By Jennifer Copley (Last Updated 30 March 2012)
Although St. John’s Wort may provide benefits for some conditions, it appears that autism is probably not among them.
A review of the literature turns up just one small study: Niederhofer (2009) found that St. John’s Wort may have a very mild effect, with parents and mentors noting slight improvements in irritability, repetitive behaviours (stereotypies), and inappropriate speech. However, no significant improvements were observed by clinicians. Also, the study included just three subjects.
The majority of parents who have tried the remedy with their autistic-spectrum children have found it to be ineffective. Of 150 Autism Research Institute parent ratings for St. John’s Wort, only 16% saw improvements, 66% reported no change, and 18% said that symptoms worsened. Ratings for Asperger’s syndrome were equally low, with improvements noted in only 12% of cases, no change in 73%, and a worsening of symptoms in 15%. Overall, the percentages of parents noting improvements are low enough that any benefits may have just been coincidence or placebo effects.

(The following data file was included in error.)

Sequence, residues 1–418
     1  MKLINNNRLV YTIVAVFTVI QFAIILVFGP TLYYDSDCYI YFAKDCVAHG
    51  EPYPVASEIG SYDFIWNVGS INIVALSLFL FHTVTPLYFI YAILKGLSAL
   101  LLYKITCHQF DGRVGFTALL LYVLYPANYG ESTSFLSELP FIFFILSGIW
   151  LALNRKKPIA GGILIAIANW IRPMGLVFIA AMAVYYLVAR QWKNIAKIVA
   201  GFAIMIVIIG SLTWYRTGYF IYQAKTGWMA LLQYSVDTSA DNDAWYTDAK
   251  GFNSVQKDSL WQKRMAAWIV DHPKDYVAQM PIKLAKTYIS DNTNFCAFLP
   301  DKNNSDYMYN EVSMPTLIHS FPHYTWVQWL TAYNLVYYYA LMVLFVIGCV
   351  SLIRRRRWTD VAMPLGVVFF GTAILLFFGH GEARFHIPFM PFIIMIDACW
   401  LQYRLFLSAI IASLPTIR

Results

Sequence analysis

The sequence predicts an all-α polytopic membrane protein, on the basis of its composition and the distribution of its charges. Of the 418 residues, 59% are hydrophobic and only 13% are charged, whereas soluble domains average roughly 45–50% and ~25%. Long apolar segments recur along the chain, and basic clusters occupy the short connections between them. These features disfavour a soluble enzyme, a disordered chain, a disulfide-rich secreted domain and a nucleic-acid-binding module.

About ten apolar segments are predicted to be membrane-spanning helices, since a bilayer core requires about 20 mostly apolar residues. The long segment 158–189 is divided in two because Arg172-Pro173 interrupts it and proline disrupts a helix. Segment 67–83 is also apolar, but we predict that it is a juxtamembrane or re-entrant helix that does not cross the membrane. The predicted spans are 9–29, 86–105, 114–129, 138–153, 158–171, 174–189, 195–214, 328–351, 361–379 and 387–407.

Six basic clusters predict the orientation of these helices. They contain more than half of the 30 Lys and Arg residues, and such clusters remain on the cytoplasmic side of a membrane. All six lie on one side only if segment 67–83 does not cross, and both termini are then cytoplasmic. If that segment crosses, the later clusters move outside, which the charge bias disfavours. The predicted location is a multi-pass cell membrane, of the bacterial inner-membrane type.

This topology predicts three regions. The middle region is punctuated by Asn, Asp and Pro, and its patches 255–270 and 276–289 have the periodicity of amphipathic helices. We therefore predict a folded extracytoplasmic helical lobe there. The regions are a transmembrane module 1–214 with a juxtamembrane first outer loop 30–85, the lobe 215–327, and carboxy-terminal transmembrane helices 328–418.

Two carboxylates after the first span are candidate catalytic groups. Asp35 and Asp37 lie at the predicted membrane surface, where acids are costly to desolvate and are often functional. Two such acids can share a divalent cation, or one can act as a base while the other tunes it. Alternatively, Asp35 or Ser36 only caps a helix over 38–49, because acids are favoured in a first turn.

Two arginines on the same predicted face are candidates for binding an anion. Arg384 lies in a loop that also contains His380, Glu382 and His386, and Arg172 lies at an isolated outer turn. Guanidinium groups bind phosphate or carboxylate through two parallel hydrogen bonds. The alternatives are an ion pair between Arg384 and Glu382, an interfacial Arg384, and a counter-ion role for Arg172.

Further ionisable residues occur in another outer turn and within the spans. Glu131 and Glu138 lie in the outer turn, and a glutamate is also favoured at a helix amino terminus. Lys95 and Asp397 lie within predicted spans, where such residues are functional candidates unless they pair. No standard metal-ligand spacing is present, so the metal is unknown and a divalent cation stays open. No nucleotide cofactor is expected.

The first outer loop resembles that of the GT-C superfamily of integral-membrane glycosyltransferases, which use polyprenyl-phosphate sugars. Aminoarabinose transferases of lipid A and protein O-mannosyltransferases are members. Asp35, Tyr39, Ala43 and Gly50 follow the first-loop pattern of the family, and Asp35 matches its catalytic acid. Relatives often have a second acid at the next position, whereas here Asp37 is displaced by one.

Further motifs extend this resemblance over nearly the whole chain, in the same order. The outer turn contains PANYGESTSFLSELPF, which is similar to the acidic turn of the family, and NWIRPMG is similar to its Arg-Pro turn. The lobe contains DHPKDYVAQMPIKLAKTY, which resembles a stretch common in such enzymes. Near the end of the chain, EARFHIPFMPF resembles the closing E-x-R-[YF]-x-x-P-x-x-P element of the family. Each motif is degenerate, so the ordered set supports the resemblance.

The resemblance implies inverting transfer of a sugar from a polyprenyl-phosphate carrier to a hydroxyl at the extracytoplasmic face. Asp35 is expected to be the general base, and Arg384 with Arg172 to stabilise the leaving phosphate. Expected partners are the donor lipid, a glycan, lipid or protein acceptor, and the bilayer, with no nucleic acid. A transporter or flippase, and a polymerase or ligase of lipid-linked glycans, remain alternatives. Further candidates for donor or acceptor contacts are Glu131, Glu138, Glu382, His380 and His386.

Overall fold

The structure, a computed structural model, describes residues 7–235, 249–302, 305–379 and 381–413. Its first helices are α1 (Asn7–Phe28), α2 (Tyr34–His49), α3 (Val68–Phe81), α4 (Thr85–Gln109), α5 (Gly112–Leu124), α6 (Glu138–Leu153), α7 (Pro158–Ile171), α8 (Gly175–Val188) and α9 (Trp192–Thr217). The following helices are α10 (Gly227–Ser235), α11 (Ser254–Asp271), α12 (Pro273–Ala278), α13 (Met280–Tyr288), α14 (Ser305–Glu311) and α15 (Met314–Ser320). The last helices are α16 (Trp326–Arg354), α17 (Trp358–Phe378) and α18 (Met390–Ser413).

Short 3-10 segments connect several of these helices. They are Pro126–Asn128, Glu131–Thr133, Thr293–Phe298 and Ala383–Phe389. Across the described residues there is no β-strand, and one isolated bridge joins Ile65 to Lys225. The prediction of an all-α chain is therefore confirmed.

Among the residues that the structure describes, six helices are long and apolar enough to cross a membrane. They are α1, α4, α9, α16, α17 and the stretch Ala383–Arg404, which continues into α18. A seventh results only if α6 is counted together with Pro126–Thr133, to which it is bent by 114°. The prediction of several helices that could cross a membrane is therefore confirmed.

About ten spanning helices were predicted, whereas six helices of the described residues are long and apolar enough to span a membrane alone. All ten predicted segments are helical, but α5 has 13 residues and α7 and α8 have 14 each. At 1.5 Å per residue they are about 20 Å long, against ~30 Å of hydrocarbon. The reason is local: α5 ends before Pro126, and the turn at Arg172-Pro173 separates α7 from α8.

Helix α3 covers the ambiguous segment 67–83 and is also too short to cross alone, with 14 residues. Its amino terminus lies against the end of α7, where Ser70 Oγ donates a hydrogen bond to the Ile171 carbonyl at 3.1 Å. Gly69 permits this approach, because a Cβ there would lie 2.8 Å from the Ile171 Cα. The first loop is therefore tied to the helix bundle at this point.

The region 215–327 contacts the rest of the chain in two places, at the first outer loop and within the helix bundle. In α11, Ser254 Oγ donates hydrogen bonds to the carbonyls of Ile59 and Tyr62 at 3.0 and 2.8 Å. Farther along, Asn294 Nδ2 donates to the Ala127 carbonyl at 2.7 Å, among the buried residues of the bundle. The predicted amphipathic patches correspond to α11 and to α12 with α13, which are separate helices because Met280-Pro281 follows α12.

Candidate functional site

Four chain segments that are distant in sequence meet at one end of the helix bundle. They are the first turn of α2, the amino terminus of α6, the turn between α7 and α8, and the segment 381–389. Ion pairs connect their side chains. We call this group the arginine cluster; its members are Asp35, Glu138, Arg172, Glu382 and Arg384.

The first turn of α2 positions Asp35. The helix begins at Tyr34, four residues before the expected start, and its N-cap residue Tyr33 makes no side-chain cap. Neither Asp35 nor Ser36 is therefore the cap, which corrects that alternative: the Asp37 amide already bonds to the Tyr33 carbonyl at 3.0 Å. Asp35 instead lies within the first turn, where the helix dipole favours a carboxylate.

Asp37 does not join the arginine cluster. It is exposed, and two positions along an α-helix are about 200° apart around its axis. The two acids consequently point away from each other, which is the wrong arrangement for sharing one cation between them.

There is evidence that St. John’s Wort may be beneficial in treating mild depression for some people, and depression often accompanies autistic spectrum disorders. However, research indicates that it’s not effective for treating serious depression and can interact with a number of medications (National Center for Complementary and Alternative Medicine, December 2007).
For more on the effectiveness of various supplements for treating autistic spectrum disorders, see the main Autism Supplements page. For a full list of articles on autism and Asperger’s syndrome, visit the main Autistic Spectrum Disorders page.
Always consult a qualified medical practitioner before taking supplements or giving them to your child. Many supplements are toxic at certain doses and may interact with some medications or create problems for people with certain medical conditions.
This article is not intended as a substitute for medical consultation or care. Health concerns should be referred to a doctor.
- Autism Research Institute. (2008). “Parent Ratings for Autism” and “Parent Ratings for Asperger’s Syndrome.” Autism.com.
- National Center for Complementary and Alternative Medicine. (December 2007). “St. John’s Wort and Depression.” NCCAM.NIH.gov.
- Niederhofer, H. (2009). “St John’s Wort Treating Patients with Autistic Disorder.” Phytotherapy Resources, 23(11), pp. 1,521-1,523.